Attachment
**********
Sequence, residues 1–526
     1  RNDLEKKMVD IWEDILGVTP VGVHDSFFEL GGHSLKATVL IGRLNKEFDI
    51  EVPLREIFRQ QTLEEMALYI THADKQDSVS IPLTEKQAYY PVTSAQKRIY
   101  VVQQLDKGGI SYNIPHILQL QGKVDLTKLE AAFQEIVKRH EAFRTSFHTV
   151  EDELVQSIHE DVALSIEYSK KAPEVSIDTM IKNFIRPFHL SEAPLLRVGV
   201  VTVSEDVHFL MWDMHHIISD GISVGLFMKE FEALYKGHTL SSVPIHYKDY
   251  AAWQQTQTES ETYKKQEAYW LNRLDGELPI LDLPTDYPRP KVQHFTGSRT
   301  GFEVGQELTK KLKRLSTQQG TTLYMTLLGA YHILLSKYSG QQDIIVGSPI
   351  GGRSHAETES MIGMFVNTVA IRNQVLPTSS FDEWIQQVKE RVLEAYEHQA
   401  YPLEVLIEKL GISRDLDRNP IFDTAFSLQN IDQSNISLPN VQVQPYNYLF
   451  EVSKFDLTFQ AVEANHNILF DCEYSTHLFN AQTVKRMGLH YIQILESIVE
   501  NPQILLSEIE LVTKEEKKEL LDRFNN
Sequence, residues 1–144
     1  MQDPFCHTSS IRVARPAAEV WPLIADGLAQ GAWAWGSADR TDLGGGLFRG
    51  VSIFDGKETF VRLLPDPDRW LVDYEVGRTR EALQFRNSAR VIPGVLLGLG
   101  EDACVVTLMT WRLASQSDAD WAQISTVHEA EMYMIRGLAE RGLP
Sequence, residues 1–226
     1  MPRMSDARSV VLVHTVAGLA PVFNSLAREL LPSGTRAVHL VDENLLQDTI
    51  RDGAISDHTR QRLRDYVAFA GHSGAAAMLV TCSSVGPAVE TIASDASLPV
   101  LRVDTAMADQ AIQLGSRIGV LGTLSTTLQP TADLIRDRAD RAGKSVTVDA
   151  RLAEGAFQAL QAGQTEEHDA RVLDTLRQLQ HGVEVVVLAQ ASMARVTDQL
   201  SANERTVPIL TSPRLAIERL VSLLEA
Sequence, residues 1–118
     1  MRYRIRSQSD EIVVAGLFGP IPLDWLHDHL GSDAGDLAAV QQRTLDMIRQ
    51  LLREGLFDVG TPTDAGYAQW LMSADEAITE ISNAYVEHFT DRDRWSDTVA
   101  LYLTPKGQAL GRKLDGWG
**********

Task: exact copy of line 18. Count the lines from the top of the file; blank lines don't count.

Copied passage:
     1  MPRMSDARSV VLVHTVAGLA PVFNSLAREL LPSGTRAVHL VDENLLQDTI